The third man, Zachary Catron, made the drug that killed my son on Mother’s Day.  I testified in Marion County Court to the drug allegations against Catron on August 11th, the day before my 40-something birthday.  Zachary Catron, now 25, never made it passed 9th grade.  His parents’ divorced while he was in elementary school and he had trouble getting along with others and in school.  Eventually he turned to drugs to sedate his outwardly evident sufferings and inwardly stifled childhood pain.  He joined a gang and was a member for several years as perhaps his replacement family.  When Marion County Prosecutor Rick Frank asked Catron why he passed off the dangerous 25i-NBOMe as another illegal drug, Acid, there was awkward silence in the courtroom.  Finally, Catron mumbled, “I don’t know.”  And there in that crux that included silence and mumbling, this broken mother’s heart beat so fast and so hard that I was sure it was heard by all over the silence and mumbling of an answer that will in no way comfort me or those who love Sam.  As the judge sentenced Catron to 25 years that day, it did not bring our Sam back.

So what about Sam?  The 16-year old who was one month away from turning 17; an academic honors-student with a GPA over 4.0 and college plans to earn a degree in Finance; a high school Sophomore named a two-time Metropolitan Interscholastic Conference Scholar Athlete; the teen who had a family, friends and a welcoming home of faith.  On that fateful night Mothers’ Day eve, along with two friends, he experimented with something they thought was Acid, and from peers and social media would go quickly through their system and not be detected in a random drug test that they as athletes were subject to.  The three athlete-friends took the same drug that night and Sam died overnight from the poisonous dose of the deadly synthetic hallucinogen drug mixture made by Catron and for whom only Catron knew was 25i-NBOMe.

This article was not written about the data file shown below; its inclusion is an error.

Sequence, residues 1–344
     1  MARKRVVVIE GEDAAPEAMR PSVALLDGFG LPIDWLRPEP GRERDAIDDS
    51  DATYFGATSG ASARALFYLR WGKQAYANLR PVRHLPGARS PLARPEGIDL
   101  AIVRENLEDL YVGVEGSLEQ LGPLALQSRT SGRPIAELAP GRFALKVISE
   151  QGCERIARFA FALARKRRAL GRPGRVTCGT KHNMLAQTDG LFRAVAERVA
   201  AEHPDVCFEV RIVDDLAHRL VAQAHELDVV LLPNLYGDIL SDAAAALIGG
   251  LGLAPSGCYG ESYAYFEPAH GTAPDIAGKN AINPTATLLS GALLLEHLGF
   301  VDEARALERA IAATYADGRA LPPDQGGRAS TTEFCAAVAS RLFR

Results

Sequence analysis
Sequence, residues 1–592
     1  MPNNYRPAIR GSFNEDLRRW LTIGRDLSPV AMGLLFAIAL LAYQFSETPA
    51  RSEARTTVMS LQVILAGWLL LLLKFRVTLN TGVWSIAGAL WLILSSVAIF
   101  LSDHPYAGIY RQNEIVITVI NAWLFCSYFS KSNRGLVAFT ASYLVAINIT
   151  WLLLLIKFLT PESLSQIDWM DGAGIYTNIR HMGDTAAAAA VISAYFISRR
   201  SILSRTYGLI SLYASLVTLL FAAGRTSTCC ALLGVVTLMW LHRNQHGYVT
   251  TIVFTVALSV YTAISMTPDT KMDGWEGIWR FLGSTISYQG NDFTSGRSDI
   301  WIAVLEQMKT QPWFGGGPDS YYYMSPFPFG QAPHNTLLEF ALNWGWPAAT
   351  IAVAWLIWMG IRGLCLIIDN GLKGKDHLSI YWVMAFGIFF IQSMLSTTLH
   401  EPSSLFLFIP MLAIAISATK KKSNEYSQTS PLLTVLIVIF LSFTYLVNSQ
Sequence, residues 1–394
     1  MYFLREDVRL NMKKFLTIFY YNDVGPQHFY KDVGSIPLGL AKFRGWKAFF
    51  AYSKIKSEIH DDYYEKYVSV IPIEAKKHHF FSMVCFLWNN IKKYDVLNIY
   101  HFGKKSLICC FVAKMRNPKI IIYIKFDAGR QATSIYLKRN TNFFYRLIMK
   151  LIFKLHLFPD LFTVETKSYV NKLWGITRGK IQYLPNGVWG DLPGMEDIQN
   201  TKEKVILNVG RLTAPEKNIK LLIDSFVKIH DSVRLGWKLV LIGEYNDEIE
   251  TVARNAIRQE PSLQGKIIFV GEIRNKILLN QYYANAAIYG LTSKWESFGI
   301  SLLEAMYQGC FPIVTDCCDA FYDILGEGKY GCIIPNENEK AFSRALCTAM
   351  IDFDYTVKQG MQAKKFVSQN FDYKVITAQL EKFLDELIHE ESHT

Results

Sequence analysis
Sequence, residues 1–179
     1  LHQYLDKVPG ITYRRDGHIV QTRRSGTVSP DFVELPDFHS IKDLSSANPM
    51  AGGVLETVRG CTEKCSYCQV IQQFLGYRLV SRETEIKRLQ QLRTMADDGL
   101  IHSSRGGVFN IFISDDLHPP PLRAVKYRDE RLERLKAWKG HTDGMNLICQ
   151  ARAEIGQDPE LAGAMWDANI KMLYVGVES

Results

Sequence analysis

What did Sam think he would be doing with his life?  From his Statement of Faith that he created a year and a half before he died, he speaks plainly:
“I like to think of God as the one driving me in a car through my life.”
“And so I want to stay in the car with God driving me and let him lead me on the journey of life and I trust that he will forever be with me.”
“God is with me on my current stop, high school.”
“As I think about next stops, I see God with me at college where I will get my degree.  I know I will need God at all stops in my life.  Later I anticipate God will help guide me as I get my first job, get married and have children.”

Most devastatingly, those next stops as Sam outlined in his faith statement:  going to college, earning his degree, getting his first job, marrying and having children - are lost forever now for Sam.  But not only are they lost for Sam, they are lost too, for his family and for all those that love him and for all those that would have loved him.  #muchlovetosam #missyousammy